Furthermore, given the progress of for-profit companies like Compass Pathways, and non-profit organizations like the Multidisciplinary Association for Psychedelic Studies (MAPS), in conducting clinical trials of traditional psychedelic therapies such as psilocybin and MDMA — not to mention psilocybin mushroom legalization in Oregon — it’s likely “no-trip” psychedelics will take a back seat to full trip psychedelics for the time being. But work like that of Jianjun’s team nevertheless opens the door of possibilities a bit wider for psychedelic therapies, and could help scientists better understand how all psychedelic compounds actually work in the brain, trip or no trip involved.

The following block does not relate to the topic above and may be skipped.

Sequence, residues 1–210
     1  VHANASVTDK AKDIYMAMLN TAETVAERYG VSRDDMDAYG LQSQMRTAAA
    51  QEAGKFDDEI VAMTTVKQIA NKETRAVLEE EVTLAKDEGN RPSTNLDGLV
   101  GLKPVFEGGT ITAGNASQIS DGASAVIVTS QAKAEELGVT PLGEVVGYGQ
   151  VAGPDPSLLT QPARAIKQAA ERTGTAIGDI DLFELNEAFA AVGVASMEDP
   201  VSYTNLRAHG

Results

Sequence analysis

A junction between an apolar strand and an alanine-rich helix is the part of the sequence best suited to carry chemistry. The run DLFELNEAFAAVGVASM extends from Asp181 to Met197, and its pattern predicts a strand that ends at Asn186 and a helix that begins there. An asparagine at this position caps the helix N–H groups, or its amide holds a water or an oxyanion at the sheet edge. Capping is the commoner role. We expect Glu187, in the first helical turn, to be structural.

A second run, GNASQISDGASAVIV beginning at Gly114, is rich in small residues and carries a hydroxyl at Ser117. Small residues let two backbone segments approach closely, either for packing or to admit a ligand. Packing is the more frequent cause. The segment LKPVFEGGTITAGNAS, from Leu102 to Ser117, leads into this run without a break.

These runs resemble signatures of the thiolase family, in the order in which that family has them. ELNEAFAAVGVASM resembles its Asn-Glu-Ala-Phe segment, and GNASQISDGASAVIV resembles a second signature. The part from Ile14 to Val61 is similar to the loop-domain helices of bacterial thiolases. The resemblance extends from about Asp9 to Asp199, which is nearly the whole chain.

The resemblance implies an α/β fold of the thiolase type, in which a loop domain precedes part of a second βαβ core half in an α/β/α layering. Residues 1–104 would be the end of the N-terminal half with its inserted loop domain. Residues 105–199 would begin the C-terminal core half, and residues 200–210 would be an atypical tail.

Scientists have long theorized that many psychedelics work their magic by binding to and activating the 5-HT2A receptor in the brain, a complex of proteins normally activated by the neurotransmitter serotonin and triggering a cascade of subsequent signaling within a neuron. Substances like psilocybin, DMT, and portions of the more complex LSD molecule all closely resemble serotonin, allowing them to fit into and activate the 5-HT2A receptor like an accidentally matching puzzle piece. Compounds that activate a receptor are known as agonists. 

But while serotonin and LSD both bind to a site known as the “orthosteric binding pocket” on the 5-HT2A receptor, Jianjun, and his team may have discovered a different area on the receptor where compounds can bind.